Our river cruise ended officially this morning when docking at Vidin in Bulgaria. Located on the southern bank of the Danube (usual Wiki link here). The town itself has a long complicated history ranging from the Celts to the Romans to the Ottoman Empire all of which had influence on the peoples, architecture, ethnic mix and probably stubbornness – even before WWI, WWII and the modern times.
Of note, when I was here in the mid-90s on a mil-mil mission out of US Army Europe, a key point stuck with me from one of the Bulgarian officers. He said that Bulgaria has always been a bellwether country. Not in a good way, mind you – but just watch – they have ALWAYS been on the losing side of every single conflict. Not most of them, he emphasized. But all wars, each and every time. One can only hope that Bulgaria joining both the EU and NATO are not going to spell doom for both.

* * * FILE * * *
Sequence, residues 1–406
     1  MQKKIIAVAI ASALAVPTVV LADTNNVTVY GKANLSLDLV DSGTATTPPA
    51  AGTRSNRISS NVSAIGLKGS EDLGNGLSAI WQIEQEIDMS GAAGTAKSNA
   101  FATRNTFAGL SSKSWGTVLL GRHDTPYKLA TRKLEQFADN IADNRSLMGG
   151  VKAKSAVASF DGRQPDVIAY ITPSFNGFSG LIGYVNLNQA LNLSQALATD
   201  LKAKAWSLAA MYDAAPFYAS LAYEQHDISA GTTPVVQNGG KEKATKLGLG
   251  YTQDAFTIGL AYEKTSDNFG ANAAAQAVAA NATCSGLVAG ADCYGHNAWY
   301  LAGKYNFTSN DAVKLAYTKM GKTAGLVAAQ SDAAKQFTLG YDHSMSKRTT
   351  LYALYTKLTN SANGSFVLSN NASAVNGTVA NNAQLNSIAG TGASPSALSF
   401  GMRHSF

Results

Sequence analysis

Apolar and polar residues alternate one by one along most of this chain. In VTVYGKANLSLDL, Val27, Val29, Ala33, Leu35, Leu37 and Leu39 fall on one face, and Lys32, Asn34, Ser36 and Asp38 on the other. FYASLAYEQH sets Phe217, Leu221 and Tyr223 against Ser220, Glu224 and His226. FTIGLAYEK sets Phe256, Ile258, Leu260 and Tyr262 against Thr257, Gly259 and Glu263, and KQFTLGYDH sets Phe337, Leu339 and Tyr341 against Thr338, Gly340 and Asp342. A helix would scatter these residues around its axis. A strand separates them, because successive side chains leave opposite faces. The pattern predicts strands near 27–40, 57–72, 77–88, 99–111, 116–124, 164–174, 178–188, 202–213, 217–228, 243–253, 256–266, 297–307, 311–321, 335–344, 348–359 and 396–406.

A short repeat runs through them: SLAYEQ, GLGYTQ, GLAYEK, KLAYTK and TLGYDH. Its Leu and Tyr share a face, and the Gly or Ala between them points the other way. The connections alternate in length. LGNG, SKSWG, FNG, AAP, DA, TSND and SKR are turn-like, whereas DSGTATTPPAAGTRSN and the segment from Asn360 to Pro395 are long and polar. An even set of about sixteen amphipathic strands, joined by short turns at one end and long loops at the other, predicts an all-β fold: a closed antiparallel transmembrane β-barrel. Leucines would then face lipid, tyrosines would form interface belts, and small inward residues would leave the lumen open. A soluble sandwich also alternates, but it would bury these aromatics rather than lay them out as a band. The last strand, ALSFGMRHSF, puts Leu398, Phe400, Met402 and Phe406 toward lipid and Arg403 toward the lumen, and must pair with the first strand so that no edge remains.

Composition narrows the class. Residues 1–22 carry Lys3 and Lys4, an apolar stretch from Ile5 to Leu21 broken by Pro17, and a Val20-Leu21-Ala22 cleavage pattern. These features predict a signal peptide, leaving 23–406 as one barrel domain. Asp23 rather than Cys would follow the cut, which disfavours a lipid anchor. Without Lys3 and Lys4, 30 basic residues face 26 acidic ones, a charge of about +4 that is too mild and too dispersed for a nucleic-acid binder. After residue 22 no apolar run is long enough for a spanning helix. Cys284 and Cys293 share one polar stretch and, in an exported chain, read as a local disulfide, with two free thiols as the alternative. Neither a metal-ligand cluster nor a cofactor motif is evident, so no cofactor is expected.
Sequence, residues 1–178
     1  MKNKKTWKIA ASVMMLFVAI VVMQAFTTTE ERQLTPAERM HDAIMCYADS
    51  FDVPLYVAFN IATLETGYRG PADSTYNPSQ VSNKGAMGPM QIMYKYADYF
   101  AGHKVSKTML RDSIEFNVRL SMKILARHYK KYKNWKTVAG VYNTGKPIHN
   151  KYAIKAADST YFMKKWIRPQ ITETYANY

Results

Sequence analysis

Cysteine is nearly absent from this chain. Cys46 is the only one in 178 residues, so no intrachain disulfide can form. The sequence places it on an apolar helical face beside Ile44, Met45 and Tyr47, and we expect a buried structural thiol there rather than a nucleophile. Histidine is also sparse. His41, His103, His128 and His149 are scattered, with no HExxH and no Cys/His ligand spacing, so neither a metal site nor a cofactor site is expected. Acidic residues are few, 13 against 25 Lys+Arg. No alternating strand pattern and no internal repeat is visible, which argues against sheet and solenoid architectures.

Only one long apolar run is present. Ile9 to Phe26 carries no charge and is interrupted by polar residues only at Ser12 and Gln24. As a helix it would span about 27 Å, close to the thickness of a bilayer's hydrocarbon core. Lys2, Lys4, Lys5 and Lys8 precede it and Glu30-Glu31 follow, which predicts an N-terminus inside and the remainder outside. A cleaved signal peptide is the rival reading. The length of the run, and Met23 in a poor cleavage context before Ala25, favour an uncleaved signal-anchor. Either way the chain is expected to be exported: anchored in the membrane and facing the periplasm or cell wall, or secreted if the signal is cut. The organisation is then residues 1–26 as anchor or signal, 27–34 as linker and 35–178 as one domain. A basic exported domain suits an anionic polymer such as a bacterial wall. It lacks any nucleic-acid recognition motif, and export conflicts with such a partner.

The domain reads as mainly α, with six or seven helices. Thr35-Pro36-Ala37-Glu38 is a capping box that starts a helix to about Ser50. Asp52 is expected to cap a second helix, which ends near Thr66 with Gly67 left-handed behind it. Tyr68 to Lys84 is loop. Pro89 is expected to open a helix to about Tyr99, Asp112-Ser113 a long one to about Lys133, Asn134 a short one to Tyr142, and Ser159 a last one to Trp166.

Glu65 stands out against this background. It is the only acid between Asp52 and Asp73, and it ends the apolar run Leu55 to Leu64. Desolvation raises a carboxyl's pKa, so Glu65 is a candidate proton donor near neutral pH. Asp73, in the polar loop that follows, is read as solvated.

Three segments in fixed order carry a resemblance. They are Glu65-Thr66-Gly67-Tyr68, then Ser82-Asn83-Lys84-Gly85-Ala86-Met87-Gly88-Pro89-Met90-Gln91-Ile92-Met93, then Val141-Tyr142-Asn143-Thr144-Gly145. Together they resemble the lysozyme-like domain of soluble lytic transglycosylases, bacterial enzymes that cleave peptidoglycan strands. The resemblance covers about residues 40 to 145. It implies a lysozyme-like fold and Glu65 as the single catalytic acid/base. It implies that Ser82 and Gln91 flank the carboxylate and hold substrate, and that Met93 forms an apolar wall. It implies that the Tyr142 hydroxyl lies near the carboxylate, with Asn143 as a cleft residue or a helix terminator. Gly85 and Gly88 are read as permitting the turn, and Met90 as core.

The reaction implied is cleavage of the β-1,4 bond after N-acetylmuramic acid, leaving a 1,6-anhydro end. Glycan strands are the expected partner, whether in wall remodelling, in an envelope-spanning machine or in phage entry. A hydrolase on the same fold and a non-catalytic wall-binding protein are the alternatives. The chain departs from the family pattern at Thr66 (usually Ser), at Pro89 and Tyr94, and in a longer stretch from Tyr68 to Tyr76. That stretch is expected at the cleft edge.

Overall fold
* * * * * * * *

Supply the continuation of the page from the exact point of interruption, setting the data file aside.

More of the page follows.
Anyway, the most interesting stop of the morning was at the Vidin Fort[ress] – Baba Vida – which, as you can see dates from the 10th century with additions and remodels since then
then it was lunch followed. by getting back on the bus for the trip to Sofia. I didn’t take photos of much of the housing once we hit the outskirts. Frankly, most of it looked like every other Eastern European city with high-rise cement structures. Of the “basement slab” construction model. A lot of it, built in the 60s, 70s, and early 80s is in need of repair. The good thing? When communism fell – the apartments were turned over to the occupants as the new owners. The difficulty? Maintenance, like everywhere else
By the time we hit the hotel, I was totally and completely done with tour guides, crowded sidewalks, noise, and bus rides.
George went out on a dinner scavenger hunt.
and he brought me cherries!